Immunotherapy Combination Shows Durable Responses in Mismatch Repair–Deficient Metastatic Colorectal CancerColorectal Cancer, Immunotherapy, Web Exclusives
San Francisco, CA—The immunotherapy combination of nivolumab (Opdivo) and ipilimumab (Yervoy) provides durable clinical benefit in patients with previously treated DNA mismatch repair–deficient (dMMR)/microsatellite instability-high (MSI-H) metastatic colorectal cancer (CRC).
In the first report from the full cohort of patients in the CheckMate-142 clinical trial who received the combination therapy, the objective response rate (ORR) was 55% during a median of 13 months of follow-up, and the median duration of response was not reached, reported Thierry André, MD, Head, Medical Oncology, Saint-Antoine Hospital, Paris, France, at the 2018 Gastrointestinal Cancers Symposium.
“Nivolumab plus ipilimumab represents a promising new treatment option for patients with previously treated dMMR/MSI-H mCRC [metastatic CRC],” Dr André said.
Approximately 4% of patients with metastatic CRC have dMMR that leads to MSI-H. “These patients benefit less from conventional chemotherapy than patients identified as MMR-proficient or microsatellite-stable,” he added. Nivolumab by itself has been shown to induce durable responses and promote survival in a monotherapy subset cohort from the CheckMate-142 trial.
The combination cohort consisted of 119 patients who received nivolumab 3 mg/kg plus ipilimumab 1 mg/kg every 3 weeks for 4 doses followed by nivolumab 3 mg/kg every 2 weeks. The median follow-up was 13.4 months.
Three-fourths (76%) of the patients received ≥2 previous lines of therapy. The most common previous chemotherapies were fluoropyrimidine (99%), oxaliplatin (Eloxatin; 93%), and irinotecan (Onivyde; 73%). Sixty-three percent of patients continue to receive treatment; disease progression was the main reason for study discontinuation (19%) followed by medication side effects (13%).
The investigator-assessed ORR was 55%, 31% achieved stable disease, and the disease control rate was 80% for patients who received the combination therapy. By comparison, patients who received nivolumab monotherapy in the full study had a 31% ORR and a 69% disease control rate at 13 months of follow-up, Dr André noted.
Three-fourths (77%) of patients who received the combination therapy had a reduction in tumor burden from baseline. The median time to response in those treated with combination therapy was 2.8 months and the responses were durable; the median duration of response was not reached and 94% of responders had ongoing responses at data cutoff. “We have only 4 patients who did not have ongoing response at data cutoff: 1 for PD, 2 died, and 1 for surgery of metastases and this patient was censored at the time of surgery,” he said.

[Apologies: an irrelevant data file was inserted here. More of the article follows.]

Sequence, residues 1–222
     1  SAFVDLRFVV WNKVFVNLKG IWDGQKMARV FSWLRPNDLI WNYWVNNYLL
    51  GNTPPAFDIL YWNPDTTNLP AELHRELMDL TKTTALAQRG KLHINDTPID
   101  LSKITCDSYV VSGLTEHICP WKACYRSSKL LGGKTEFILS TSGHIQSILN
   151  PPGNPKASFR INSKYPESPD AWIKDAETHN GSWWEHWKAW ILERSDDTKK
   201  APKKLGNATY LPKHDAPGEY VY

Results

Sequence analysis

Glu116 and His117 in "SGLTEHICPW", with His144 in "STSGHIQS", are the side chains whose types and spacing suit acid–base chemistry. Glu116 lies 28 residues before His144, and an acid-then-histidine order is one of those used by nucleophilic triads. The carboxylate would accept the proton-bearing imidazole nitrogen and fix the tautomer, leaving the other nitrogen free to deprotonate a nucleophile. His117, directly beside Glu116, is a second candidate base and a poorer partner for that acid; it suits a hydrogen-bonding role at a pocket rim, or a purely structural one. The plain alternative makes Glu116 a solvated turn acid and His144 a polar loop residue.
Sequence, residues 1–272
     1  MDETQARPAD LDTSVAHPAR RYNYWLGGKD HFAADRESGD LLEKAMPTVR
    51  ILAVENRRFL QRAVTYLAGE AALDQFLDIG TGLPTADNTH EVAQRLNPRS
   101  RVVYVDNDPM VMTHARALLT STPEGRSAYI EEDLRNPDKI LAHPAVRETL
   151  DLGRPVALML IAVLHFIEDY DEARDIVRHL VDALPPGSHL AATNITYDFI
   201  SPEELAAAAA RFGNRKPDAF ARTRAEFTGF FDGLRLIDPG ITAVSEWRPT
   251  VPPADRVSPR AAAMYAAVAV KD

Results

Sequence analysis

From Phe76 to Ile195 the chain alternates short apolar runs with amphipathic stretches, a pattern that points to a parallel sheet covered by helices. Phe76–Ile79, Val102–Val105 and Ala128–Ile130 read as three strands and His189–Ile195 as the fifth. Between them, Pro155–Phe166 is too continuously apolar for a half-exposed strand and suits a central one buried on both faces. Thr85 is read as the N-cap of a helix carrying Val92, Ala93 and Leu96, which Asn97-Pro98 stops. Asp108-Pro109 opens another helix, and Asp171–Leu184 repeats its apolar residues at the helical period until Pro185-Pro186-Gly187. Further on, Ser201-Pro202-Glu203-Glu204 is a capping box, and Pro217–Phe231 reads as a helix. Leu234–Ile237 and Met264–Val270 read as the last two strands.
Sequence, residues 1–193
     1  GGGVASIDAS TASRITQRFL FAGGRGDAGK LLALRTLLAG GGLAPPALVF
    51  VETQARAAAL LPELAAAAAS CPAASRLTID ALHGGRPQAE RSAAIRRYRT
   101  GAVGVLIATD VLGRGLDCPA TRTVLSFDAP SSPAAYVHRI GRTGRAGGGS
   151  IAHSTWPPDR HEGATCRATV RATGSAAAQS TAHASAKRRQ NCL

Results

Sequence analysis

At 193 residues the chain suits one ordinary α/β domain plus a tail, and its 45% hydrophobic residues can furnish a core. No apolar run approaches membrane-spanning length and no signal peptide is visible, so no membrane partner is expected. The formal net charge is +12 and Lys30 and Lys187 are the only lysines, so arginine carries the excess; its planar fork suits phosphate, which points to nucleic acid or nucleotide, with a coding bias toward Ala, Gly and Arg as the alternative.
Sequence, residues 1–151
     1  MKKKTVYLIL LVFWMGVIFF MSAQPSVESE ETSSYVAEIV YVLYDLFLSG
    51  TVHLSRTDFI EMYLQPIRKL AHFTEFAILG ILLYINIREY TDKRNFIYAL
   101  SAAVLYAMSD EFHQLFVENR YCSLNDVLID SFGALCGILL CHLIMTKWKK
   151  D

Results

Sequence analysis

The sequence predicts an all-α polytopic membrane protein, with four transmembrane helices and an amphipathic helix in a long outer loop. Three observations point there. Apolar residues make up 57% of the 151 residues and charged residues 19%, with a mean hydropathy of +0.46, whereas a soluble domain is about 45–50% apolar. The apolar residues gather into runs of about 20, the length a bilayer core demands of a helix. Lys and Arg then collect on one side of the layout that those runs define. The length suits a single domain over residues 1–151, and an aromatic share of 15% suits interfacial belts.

Responses were observed irrespective of tumor PD-1 expression, BRAF or KRAS mutation status, or a history of Lynch syndrome.
The rate of progression-free survival (PFS) with combination therapy was 76% at 9 months and 71% at 12 months versus 54% and 50%, respectively, with nivolumab monotherapy. The overall survival (OS) rate was 87% at 9 months and 85% at 12 months with the combination therapy versus 78% and 73%, respectively, with nivolumab monotherapy.
Statistically significant and clinically meaningful improvements were achieved in key quality-of-life measures, as assessed by the European Organisation for Research and Treatment of Cancer Quality-of-Life Questionnaire and the EuroQol five-dimension scale, and these improvements were maintained for extended periods. No new adverse events or treatment-related deaths were observed.
As of now, “it’s unclear if combination immunotherapy provides long-term clinical benefit over anti–PD-1 monotherapy,” because the comparison to nivolumab alone was a nonrandomized comparison, the PFS and OS data are not mature, and the follow-up thus far is short, said invited discussant Zsofia Kinga Stadler, MD, Medical Oncologist, Gastrointestinal Oncology Service, Memorial Sloan Kettering Cancer Center, New York City.
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In my medical oncology practice at Johns Hopkins, I see approximately 4 patients with nonmetastatic NSCLC per week. Most of these patients are referrals from either pulmonary medicine or thoracic surgery. A patient with early stage disease initially sees a pulmonologist for diagnosis and may then be referred to a thoracic surgeon. The thoracic surgeon may refer the patient to us in medical oncology if there is an indication to enroll the patient in a clinical trial or for systemic therapy. In a community oncology practice, patients tend to go to surgery first and are then referred to the medical oncologist for adjuvant chemotherapy. In academic centers, it is more common for patients to be seen in a multidisciplinary setting.